With charities and consumer product companies raising as much as $6 billion a year for breast cancer research, consumers are faced with a dizzying array of pleas for direct donations and pitches for products decked out in pink ribbons.
The Better Business Bureau (BBB) urges consumers to take the time to research the charities seeking their money and to understand claims by marketers of products that purport to benefit breast cancer research. BBB research has shown that some companies are vague about how much of the purchase price of their products benefits charity or which charity receives the money.
While many charities use donations wisely, questions have been raised about the amount of money other nonprofits actually spend on research or support for breast cancer victims. For example, the New York attorney general filed a lawsuit against the Coalition Against Breast Cancer, calling it a “sham charity.” The lawsuit accuses the charity’s founder, Andrew Smith, his girlfriend and their associates of pocketing nearly all of the $9.1 million the charity raised over the last five years.
Some charities also have been accused of fudging their reports to the Internal Revenue Service by calling telemarketing efforts “education” if the phrase, “Don’t forget a mammogram” is stamped on their stationery. Roughly 1,400 tax-exempt charities nationwide are breast cancer-related.
With National Football League players sporting pink chin straps and cleats, it’s clear that breast cancer awareness is at an all-time high. But a product has to do more than turn itself pink to do good for charity, and a charity needs more than a name to make a difference.
Consumers can find reports on charities at the BBB website. The BBB’s Charity Information Service examines the percentage money a charity spends on programs, its governance, fund-raising, informational materials and effectiveness. Charities who meet all 20 BBB Standards for Charity Accountability can become BBB Accredited Charities.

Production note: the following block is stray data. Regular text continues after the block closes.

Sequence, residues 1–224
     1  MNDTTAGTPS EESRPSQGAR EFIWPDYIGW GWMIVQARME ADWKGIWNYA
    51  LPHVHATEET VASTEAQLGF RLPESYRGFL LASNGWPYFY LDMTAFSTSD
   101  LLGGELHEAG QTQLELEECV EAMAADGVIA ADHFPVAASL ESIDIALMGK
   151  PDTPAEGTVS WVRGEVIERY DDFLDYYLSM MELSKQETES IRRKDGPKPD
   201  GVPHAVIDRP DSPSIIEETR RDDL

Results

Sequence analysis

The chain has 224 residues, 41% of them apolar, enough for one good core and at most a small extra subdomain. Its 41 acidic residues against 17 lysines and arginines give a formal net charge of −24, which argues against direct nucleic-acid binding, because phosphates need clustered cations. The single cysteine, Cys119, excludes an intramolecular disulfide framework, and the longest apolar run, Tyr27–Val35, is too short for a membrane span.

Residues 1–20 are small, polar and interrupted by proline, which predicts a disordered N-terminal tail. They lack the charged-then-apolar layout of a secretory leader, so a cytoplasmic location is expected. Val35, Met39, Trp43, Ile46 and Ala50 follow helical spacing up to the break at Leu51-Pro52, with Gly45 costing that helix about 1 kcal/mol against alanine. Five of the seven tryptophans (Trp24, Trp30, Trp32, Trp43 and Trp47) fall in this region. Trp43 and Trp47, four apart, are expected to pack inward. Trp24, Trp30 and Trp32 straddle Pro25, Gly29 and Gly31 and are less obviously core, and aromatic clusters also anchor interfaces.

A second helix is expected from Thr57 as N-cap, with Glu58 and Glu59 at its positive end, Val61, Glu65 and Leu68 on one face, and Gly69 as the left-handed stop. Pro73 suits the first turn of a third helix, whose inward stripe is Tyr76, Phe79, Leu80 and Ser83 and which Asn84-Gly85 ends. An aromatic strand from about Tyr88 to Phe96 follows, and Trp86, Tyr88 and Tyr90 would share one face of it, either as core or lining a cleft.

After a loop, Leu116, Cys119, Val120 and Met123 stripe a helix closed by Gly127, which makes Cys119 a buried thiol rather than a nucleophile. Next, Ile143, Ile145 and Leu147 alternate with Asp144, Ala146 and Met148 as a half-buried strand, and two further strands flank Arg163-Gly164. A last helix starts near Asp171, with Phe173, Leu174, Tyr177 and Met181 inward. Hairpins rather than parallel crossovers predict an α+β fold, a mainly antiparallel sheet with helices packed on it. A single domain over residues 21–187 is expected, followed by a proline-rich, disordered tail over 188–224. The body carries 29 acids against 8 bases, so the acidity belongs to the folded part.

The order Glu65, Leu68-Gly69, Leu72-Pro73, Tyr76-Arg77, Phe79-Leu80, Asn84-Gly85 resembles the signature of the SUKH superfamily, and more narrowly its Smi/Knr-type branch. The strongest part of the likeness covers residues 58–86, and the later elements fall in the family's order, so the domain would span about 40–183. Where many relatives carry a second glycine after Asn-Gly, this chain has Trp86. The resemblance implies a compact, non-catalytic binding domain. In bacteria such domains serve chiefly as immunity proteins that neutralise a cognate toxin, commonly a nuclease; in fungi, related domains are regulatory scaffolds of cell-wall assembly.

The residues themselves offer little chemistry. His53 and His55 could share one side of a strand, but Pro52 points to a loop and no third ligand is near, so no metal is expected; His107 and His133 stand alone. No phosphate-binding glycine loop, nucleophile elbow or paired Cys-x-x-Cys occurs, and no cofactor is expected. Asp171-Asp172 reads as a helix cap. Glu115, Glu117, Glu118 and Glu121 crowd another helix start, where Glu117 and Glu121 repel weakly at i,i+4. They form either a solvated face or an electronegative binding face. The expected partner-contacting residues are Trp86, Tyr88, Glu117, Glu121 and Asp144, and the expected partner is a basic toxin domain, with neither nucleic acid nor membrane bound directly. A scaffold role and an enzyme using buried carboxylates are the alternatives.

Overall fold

Some tips for avoiding charity scams include:
- Be wary of appeals that are long on emotion, but short on describing what the charity will do.
- If you contribute, do not give cash. Make a check or money order out to the name of the charitable organization, not to the individual collecting the donation.
- Watch out for excessive pressure for on-the-spot donations. Be wary of any requests to send a “runner” to pick up your donation.
- Be wary of charities that are reluctant to answer reasonable questions about their operations, finances and programs. Ask how much of your gift will be used for the activity mentioned in the appeal and how much will go toward other programs and administrative and fundraising costs.
If you want to support breast cancer charities by purchasing products, the BBB advises that you look into how that purchase will benefit a charity and which charity will get the money. More tips:
- Inspect the product for information. Many companies clearly report on labels how much of their sales go to charity and specifically where the money goes.
- Check the company’s website. If the information isn’t on the product itself, it often can be found at the website address printed on the product packaging.
- If you still can’t find the information, call the company and ask for it. Firms that use charity tie-ins to market their products should be transparent to consumers.
- Contact the charity directly if you have doubts they are receiving proceeds.
- Check out the charity to decide whether you believe it is worthy of your support. One way to do this is by contacting the BBB to determine whether the charity meets the BBB’s 20 Standards for Accountability. You may reach the BBB by going to www.bbb.org or by calling 208-342-4649.
Before you do business with a charity or company, check their BBB Business Reviews at www.bbb.org
or by calling 208-342-4649.